SCOTT KURASHIGE: Well, it’s important to point out, of course, that the right to vote has only been recognized by the nation as something that applies to African Americans since 1965. Now, Detroit, of course, had its first black mayor in the 1970s. And this was really the product of the struggles that people had. But what happened after 1967 was the Kerner Commission, as you mentioned previously. They effectively called for a domestic Marshall Plan—unprecedented investments in employment, education, housing and social welfare. What we got instead was not a war on poverty, but a right-wing shift towards a war on crime and, really, a war on working-class people. And Detroit is really, again, in some ways, symbolic of that.
So, the empowerment of African Americans in the election of black mayors in cities like Detroit was really undermined by these economic shifts and by the shift in political power from the cities to the suburbs. Reagan, of course, played a central role in that. And it really leads us, in many ways, not just to Trump 50 years later, but to the state takeover, the bankruptcy and the rule of Detroit by an emergency manager appointed by the Republicans in state government in Michigan to have unchallenged power over the city, not just finances, but all aspects of social policy in the city. And Detroit, even though it’s not only got its elected government back, is handcuffed to these right-wing policies for the next 13 years. So, with this counterrevolution, the right wing was able to accomplish in Detroit something they could have never achieved through democratic means, which is to—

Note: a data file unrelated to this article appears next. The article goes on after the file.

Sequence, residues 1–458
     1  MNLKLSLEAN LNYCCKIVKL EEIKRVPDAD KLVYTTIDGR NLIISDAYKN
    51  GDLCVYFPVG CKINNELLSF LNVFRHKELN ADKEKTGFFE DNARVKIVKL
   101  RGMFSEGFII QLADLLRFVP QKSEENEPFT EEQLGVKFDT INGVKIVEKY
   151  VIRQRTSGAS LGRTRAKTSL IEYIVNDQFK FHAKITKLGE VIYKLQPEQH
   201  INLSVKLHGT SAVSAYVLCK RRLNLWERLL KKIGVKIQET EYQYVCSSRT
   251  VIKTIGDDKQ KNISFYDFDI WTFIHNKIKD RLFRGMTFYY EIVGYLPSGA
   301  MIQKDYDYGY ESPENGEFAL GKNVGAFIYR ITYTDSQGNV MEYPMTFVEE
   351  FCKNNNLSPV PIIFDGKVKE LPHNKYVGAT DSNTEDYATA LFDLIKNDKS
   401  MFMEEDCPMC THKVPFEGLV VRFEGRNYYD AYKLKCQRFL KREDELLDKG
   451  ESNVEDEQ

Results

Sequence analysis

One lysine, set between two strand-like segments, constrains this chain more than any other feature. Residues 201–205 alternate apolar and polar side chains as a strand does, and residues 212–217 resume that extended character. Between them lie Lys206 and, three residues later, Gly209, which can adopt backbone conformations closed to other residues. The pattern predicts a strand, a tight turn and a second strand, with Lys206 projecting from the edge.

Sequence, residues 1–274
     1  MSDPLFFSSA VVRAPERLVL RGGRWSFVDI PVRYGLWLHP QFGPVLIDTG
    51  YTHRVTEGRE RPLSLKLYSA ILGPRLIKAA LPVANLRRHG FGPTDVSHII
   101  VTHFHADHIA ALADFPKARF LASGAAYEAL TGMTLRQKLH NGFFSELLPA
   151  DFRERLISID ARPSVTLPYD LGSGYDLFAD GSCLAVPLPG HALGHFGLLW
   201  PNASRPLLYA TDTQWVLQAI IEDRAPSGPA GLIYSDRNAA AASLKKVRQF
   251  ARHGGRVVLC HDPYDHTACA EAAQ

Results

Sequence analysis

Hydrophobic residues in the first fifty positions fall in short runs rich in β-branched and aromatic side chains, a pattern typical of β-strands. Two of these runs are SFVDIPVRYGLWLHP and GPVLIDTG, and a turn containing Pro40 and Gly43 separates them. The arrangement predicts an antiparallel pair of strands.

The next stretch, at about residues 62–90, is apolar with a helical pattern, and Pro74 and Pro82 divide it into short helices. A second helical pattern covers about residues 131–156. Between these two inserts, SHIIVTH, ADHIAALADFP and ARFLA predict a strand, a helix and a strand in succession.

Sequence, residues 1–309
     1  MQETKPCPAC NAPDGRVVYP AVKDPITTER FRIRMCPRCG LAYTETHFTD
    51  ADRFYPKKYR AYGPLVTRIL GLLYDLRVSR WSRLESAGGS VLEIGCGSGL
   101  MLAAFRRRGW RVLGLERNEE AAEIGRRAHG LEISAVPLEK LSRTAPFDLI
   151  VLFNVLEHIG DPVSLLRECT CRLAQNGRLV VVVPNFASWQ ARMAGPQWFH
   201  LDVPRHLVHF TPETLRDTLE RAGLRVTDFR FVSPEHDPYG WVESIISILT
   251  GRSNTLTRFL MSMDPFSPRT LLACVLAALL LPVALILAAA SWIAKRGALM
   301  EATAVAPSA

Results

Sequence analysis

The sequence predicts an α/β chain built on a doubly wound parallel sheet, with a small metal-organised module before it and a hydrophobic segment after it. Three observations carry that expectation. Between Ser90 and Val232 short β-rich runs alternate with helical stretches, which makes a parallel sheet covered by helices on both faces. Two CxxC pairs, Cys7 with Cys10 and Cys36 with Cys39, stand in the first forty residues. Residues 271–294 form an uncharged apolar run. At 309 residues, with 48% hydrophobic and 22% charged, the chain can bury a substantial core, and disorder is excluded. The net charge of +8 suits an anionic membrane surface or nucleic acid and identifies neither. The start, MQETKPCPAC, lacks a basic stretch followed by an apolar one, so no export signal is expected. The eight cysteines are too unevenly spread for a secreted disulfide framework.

JUAN GONZÁLEZ: And—
SCOTT KURASHIGE: Yeah.
JUAN GONZÁLEZ: And, Scott Kurashige, we’ve got about a minute left. I wanted to ask you about the current—the narrative now of the renaissance in Detroit. Despite the fact that between 2011 and 2015, one in four home mortgages in Detroit were foreclosed, other people are talking about that there is a renaissance going on. Could you talk about the class nature of that renaissance?